COMM150 Exam2

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The process of conducting your own study to acquire information for your speech
A relationship to personal space
An organization that combines the problem solution pattern with explicit appeals designed to motivate the audience to act. The five steps of the motivated sequence are: attention,
A large pad of paper mounted on an easel. It can be an effective method for presenting visual aids
A sentence that identifies the topic of your speech and the main ideas you will present
A method of informing that explains something by identifying its meaning
A declarative sentence that clearly indicates the speaker’s position on the topic
Words formed from the first letter of a series of words
Support a claim by providing one or more individual examples
The extent to which you project an agreeable or pleasing personality
Wording in more than one sentence that follows the same structural pattern, often using the same introductory words
Specific instances that illustrate or explain a general factual statement
A person who has mastered a specific subject, usually through long-term study
Organizing the main points by a chronological sequence, or by the steps in a process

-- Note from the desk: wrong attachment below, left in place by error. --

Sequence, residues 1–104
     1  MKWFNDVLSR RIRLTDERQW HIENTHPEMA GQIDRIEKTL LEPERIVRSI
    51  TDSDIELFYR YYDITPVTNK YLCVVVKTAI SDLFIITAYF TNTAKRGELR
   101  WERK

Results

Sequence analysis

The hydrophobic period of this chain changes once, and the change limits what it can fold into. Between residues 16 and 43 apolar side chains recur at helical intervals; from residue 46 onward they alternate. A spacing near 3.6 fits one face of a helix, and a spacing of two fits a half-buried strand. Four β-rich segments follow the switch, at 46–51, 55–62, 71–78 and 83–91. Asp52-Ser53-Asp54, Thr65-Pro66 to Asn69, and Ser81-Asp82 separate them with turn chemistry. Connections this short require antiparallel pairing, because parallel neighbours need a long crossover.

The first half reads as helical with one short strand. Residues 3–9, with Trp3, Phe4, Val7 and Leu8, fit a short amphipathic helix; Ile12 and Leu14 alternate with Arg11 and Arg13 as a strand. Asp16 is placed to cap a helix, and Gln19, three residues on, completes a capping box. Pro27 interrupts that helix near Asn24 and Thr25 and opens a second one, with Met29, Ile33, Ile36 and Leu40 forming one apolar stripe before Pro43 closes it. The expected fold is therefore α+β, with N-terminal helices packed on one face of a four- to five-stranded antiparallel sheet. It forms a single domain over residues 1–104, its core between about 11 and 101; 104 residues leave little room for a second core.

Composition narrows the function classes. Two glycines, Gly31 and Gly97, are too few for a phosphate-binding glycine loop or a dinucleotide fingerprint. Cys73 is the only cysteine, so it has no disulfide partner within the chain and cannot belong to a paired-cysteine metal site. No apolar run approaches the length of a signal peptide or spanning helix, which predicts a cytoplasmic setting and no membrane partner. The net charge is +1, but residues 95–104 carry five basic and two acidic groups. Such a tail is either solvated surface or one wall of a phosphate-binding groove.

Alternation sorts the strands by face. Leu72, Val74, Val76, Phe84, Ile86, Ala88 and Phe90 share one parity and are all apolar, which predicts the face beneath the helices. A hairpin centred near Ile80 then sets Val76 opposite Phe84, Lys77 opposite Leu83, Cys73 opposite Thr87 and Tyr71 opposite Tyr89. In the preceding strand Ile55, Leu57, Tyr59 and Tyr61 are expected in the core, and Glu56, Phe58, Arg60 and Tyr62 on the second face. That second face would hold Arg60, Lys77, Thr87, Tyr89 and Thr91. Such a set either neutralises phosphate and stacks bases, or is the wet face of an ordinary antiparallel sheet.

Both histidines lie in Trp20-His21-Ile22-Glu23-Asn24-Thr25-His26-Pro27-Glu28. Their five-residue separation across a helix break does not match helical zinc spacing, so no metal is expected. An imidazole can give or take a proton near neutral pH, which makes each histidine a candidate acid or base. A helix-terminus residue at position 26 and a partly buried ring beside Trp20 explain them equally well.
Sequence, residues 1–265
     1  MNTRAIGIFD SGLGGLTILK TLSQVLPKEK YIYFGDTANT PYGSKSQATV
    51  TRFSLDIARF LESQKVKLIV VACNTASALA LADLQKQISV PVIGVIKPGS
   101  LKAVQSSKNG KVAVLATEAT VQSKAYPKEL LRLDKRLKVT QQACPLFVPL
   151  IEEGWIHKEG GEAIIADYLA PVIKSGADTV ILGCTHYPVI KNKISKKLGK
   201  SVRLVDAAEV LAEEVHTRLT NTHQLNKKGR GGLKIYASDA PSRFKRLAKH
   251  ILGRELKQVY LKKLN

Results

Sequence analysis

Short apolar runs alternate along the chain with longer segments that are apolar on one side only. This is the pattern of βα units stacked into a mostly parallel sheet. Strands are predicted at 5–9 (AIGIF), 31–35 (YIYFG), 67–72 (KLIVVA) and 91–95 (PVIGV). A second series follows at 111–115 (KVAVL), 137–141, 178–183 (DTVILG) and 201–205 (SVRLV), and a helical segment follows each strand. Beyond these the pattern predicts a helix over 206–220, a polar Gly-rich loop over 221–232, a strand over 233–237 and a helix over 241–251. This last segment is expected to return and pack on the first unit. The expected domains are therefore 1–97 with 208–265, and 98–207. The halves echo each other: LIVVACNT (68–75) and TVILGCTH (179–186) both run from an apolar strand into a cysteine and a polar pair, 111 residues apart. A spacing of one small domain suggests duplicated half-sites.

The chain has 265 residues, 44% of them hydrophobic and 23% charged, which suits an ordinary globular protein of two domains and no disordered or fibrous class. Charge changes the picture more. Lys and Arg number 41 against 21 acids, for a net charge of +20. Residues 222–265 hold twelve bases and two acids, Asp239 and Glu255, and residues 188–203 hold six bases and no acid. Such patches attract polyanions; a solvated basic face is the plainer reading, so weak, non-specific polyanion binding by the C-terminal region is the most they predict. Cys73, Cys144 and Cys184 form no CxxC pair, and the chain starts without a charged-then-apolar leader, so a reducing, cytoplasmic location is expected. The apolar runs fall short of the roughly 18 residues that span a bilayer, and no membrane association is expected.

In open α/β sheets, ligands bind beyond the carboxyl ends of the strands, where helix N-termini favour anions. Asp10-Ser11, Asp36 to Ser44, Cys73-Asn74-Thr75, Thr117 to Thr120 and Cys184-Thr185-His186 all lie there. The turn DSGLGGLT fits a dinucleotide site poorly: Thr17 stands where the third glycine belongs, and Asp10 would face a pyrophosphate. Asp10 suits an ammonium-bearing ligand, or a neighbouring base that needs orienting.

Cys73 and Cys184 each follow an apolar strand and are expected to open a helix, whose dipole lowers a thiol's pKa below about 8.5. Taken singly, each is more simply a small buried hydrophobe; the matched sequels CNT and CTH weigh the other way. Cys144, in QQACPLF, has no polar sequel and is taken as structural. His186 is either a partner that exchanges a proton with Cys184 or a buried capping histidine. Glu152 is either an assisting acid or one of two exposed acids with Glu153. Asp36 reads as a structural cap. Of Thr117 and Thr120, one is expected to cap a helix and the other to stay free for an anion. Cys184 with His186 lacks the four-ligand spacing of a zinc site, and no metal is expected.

Interpretations and judgments made by authorities in a particular subject area
An indirect organization that first seeks audience agreement on criteria that should be considered when they evaluate a particular proposition and then shows how the proposition sa
Both character and apparent motives for speaking
Use symbols and connecting lines to diagram the progressions through a complicated process
Adapting the information in the speech so that audience members view it as important
Support a claim by citing events that have occurred to bring about the claim: “The dry weather hurt the local lake economy.”
The process of customizing our speech material to your audience
The background, knowledge, attitudes, experiences, and philosophies that are shared by audience members and the speaker
The informative method used to create an accurate, vivid, verbal picture of an object, geographic feature, setting or image
The study of the intended audience for your speech
Support a claim with a single comparable example that is significantly similar to the subject of the claim
Organizing the main points of the speech by categories or divisions of a subject
Showing care about the audience by acknowledging feedback from the audience, especially subtle negative cues
The occasion and location for your speech
Charts that indicate changes in one or more variables over time
Charts that represent information using a series of vertical or horizontal bars